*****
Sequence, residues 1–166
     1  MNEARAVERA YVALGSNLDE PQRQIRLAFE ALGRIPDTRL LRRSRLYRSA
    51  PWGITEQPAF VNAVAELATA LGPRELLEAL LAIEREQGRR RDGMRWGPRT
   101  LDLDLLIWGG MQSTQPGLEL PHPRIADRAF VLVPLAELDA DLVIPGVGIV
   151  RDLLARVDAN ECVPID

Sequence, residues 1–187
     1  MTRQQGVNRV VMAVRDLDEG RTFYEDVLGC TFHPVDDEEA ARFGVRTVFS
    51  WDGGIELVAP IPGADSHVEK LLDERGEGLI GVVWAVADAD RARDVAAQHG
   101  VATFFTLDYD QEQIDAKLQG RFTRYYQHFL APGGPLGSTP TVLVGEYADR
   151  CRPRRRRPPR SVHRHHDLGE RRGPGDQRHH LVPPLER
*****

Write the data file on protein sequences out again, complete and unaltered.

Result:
Sequence, residues 1–166
     1  MNEARAVERA YVALGSNLDE PQRQIRLAFE ALGRIPDTRL LRRSRLYRSA
    51  PWGITEQPAF VNAVAELATA LGPRELLEAL LAIEREQGRR RDGMRWGPRT
   101  LDLDLLIWGG MQSTQPGLEL PHPRIADRAF VLVPLAELDA DLVIPGVGIV
   151  RDLLARVDAN ECVPID

Sequence, residues 1–187
     1  MTRQQGVNRV VMAVRDLDEG RTFYEDVLGC TFHPVDDEEA ARFGVRTVFS
    51  WDGGIELVAP IPGADSHVEK LLDERGEGLI GVVWAVADAD RARDVAAQHG
   101  VATFFTLDYD QEQIDAKLQG RFTRYYQHFL APGGPLGSTP TVLVGEYADR
   151  CRPRRRRPPR SVHRHHDLGE RRGPGDQRHH LVPPLER